The Anesthesia Gas Machine

Michael P. Dosch CRNA PhD, Darin Tharp CRNA MS
University of Detroit Mercy Graduate Program in Nurse Anesthesiology
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Revised March 2016


Carbon dioxide absorption

General characteristics

Function- makes rebreathing possible, thus conserving gases and volatile agents, decreasing OR pollution, and avoiding hazards of carbon dioxide rebreathing. Soda lime- Activator is NaOH or KOH. Silica and kieselguhr added as hardeners. Indicators for soda lime (such as ethyl violet) are colorless when fresh, and purple when exhausted, because of pH changes in the granules. Problems:

The strong bases (NaOH, KOH which function as activators) have been convincingly implicated in the carbon monoxide problem with the ethyl-methyl ethers, and the generation of Compound A by sevoflurane. Two more definitive approaches to dealing with these problems have surfaced:

  1. Lithium-containing (Litholyme) or lithium-based (Spiralith) absorbents
  2. Absorbents which lack activators

Lithium hydroxide lime (LitholymeTM) (Allied Healthcare Products, Inc.) is an effective carbon dioxide absorbent, and is free of the strong bases (NaOH, KOH). "Litholyme contains: LiCl as the catalyst to accelerate the formation of CaCO3; ethyl violet as the indicator; and does not contain KOH or NaOH." The CO2 absorbing capacity is similar to Sodasorb- and more than Amsorb (Dahms et al. 2010, Abstract A717). Litholyme does not produce carbon monoxide from breakdown of desflurane or other methyl-ethyl ethers under any circumstances- even when it is dessicated Dahms et al 2010, Abstract A718. The manufacturer shows data here that indicate that Litholyme:

Spiralith has lithium hydroxide (rather than calcium hydroxide) as its main constituent. Spirolith is a unique absorbent which is efficient, and does not degrade volatile agents. It does not desiccate since its water content is chemically bound. Spirolith is a powder enclosed in a polymer sheet, making the absorbent recyclable, and also limiting the danger to eyes and skin posed by dust in traditional absorbents. Since it lacks a color indicator, it may only be used with FICO2 monitoring.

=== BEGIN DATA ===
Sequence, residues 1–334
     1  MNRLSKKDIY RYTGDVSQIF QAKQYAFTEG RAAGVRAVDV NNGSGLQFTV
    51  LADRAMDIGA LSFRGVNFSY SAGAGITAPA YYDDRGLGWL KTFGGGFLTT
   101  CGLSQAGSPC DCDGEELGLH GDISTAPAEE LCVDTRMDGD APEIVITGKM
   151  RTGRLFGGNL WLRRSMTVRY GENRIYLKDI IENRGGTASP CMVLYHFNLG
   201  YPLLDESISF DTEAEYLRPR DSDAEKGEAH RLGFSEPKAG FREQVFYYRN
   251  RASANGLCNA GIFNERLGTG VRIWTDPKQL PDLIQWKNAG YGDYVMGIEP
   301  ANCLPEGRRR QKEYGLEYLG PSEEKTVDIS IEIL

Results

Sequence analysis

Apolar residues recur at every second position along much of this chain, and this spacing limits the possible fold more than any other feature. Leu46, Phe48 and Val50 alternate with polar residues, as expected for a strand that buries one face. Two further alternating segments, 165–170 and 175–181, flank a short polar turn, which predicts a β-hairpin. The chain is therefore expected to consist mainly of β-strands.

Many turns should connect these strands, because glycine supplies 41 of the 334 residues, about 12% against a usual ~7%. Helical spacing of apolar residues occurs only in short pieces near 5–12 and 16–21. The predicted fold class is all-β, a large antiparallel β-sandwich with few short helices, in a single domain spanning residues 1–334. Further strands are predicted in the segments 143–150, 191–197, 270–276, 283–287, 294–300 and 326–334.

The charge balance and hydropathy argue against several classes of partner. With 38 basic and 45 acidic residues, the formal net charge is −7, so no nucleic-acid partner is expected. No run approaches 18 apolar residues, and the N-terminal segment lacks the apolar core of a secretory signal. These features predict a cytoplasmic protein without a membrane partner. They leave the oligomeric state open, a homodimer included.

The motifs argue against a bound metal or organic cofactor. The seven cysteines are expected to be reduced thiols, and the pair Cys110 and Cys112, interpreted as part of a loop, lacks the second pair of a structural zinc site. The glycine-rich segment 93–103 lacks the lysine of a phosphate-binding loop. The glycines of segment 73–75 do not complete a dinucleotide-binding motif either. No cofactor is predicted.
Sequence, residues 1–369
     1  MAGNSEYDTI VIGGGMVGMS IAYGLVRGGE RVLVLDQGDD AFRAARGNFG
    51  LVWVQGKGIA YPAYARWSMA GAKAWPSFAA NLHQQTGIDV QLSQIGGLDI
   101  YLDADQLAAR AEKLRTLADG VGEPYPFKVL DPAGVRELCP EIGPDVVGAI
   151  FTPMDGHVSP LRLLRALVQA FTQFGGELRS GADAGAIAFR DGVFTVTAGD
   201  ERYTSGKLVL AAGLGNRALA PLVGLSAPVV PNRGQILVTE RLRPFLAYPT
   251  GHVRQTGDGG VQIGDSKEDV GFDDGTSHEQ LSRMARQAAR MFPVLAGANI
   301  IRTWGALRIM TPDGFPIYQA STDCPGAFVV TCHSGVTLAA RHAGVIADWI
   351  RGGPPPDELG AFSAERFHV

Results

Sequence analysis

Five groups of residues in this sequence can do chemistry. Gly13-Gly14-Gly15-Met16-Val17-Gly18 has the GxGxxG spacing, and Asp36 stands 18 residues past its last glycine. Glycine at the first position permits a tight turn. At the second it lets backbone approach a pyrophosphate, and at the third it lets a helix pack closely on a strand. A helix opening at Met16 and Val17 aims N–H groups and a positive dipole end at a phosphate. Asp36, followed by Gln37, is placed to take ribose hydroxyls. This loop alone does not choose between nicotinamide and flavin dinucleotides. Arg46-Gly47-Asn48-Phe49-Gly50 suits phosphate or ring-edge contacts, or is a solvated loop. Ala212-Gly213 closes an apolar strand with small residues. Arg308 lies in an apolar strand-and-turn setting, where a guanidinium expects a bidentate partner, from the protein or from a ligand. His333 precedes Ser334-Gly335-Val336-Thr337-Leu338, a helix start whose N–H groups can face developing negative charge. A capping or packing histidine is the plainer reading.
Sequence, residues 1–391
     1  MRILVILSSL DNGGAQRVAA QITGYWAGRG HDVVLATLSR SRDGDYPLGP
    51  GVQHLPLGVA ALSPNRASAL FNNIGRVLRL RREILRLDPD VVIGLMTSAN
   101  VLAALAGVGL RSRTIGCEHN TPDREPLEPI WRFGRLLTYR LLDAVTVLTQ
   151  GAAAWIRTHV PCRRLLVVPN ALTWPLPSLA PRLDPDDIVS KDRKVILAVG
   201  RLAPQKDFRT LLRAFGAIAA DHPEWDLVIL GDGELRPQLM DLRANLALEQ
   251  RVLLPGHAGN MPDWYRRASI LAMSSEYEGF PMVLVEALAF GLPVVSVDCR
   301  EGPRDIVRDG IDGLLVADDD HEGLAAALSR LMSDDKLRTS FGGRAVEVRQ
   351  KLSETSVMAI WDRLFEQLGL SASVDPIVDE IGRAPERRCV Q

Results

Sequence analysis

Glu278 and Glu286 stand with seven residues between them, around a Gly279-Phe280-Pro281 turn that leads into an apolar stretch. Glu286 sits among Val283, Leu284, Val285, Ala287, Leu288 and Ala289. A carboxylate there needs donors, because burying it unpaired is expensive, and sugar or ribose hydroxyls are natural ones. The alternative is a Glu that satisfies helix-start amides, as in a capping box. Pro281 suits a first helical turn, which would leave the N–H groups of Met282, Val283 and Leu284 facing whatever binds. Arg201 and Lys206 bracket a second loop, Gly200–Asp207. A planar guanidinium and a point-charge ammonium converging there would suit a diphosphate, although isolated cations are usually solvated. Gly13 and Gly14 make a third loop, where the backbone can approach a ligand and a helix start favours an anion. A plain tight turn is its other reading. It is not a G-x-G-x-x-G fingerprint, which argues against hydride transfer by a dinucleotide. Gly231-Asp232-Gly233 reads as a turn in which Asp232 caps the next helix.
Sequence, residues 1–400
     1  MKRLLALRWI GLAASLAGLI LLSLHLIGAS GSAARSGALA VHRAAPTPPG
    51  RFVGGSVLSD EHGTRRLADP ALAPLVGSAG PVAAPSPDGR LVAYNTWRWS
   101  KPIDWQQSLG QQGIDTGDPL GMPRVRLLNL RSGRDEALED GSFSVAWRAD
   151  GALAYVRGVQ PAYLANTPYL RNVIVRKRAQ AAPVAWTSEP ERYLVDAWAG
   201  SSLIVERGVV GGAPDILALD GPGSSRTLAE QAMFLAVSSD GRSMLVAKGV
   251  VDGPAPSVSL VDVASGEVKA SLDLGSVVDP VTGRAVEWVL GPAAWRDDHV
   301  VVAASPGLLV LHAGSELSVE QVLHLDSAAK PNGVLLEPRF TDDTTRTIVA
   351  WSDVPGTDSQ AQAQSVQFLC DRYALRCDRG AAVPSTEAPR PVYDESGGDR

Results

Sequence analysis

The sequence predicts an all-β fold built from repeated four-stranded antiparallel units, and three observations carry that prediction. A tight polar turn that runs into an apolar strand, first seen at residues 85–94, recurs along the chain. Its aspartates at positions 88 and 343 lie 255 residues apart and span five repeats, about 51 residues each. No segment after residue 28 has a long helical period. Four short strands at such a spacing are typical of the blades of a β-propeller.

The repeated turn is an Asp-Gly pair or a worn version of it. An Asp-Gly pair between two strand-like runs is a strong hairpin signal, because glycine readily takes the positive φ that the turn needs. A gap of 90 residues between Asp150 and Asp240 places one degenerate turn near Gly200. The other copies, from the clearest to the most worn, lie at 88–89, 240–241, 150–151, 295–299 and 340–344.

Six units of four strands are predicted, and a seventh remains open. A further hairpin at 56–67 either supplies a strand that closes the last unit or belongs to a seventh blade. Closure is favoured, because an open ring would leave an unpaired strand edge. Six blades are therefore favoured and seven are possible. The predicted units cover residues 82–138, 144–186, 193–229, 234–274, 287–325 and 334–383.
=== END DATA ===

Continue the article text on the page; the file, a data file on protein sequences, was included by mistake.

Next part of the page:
Both Litholyme and Spiralith were found to be quite efficient in Aisys canisters (J Clin Monit Comput. 2016;30:193). Lithium hydroxide is a mature technology with a long history of use in space and submarine environments (though somewhat new in anesthesia applications).

Eliminating the activators entirely produces an absorbent which has similar physical characteristics (but perhaps less carbon dioxide absorption efficiency), as compared to soda lime: Amsorb (Armstrong Medical Ltd., Coleraine Northern Ireland).

Read more:

Dragersorb 800 granules in CLIC absorber on Apollo Drägersorb 800 granules in CLIC absorber on Apollo. Click on the thumbnail, or on the underlined text, to see the larger version.

New "house brand" absorbents have been created to help deal with the problems of modern volatile anesthetic (desflurane, sevoflurane) breakdown. "House brand" absorbents made by GE and Dräger have less activator currently; especially less KOH. Dräger makes an absorbent with decreased amounts of NaOH, and no KOH (Drägersorb 800 Plus) and an absorbent which (it is stated) will not generate Compound A under any circumstances (Dragersorb Free). GE makes Medisorb, which also has decreased amounts of strong bases. The canisters which fit on the Aisys and Avance are filled with Medisorb.